A cross between the Kentucky Wonder and Blue Lake beans, the Kentucky Blue bean grows well in just about any garden. With the short growing season required for maturity, and the generous crop yield, it is no wonder so many gardeners are learning how to grow Kentucky Blue beans. Start planting these beans after all threat of frost has gone and daytime temperatures remain above 60 degrees. Harvest the plump beans just 60 days later.
Choose a location which receives at least six hours of direct sunlight each day. After the daily temperature reaches 60 degrees, prepare the planting area. Till or spade the garden site and remove debris and rocks. Break up large clumps of soil. Work in the compost, if desired, during the tilling.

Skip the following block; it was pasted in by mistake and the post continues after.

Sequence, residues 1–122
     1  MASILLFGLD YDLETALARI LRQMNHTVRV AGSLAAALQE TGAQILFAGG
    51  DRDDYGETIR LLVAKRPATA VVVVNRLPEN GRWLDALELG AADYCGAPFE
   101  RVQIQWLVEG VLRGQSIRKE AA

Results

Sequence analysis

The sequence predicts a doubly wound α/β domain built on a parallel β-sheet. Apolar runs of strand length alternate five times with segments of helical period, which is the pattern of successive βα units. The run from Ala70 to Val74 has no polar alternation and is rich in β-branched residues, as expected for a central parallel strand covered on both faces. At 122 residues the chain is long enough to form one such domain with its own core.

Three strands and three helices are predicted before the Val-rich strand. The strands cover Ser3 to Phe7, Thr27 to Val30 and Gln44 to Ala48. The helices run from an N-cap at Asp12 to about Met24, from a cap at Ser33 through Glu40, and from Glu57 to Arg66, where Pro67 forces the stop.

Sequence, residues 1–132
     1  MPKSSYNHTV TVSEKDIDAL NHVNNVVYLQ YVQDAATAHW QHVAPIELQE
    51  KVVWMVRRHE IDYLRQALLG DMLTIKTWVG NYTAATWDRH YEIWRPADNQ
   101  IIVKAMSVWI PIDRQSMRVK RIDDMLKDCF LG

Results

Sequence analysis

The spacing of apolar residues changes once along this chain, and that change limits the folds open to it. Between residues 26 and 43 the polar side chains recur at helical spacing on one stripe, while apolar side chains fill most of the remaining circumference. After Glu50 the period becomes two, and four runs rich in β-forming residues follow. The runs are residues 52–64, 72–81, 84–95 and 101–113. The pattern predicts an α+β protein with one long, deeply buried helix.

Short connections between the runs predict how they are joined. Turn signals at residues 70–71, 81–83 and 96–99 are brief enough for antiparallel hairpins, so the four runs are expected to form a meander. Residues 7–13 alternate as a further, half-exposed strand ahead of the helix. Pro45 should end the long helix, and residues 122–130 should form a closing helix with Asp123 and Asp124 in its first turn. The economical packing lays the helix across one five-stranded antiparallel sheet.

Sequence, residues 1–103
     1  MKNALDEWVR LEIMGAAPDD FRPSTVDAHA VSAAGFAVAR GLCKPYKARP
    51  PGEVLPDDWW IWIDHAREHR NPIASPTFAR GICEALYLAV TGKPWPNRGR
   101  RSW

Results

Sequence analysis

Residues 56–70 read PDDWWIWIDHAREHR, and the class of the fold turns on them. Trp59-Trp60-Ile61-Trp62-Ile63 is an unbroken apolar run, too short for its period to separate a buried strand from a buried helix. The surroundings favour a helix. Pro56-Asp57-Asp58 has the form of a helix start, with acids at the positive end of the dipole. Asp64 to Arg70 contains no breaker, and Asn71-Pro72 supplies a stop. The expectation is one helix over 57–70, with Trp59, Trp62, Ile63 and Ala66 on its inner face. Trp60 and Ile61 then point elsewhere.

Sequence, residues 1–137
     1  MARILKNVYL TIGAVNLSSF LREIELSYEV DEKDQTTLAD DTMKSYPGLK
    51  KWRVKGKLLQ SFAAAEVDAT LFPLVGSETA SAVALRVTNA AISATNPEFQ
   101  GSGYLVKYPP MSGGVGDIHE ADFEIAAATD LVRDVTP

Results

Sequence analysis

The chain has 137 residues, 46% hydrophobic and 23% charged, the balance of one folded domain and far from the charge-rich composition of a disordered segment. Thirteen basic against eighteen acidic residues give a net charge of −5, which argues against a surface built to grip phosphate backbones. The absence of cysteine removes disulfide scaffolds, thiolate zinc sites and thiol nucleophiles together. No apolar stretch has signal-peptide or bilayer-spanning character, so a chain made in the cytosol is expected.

Create soil mounds about 6 inches in diameter and 2 inches high. Drive a pole or garden stake in the center of the mound.
Plant four to six beans, on their side, per mound. Cover with 1/2 inch of soil. Water lightly after planting and keep the soil slightly moist until the seeds sprout. Beans need plenty of water during the growing season. During the sprouting process, the bean seed will rot if kept too wet. After sprouting, water daily when there is no rain.
Use shallow cultivation methods during the growing season to keep from damaging the shallow root system of the Kentucky Blue beans. Damaged roots means lower yield and could possibly delay the harvest.
Harvest the beans as soon as they are 5 to 6 inches long. Delaying harvest causes the Kentucky Blue bean to stop fruit production.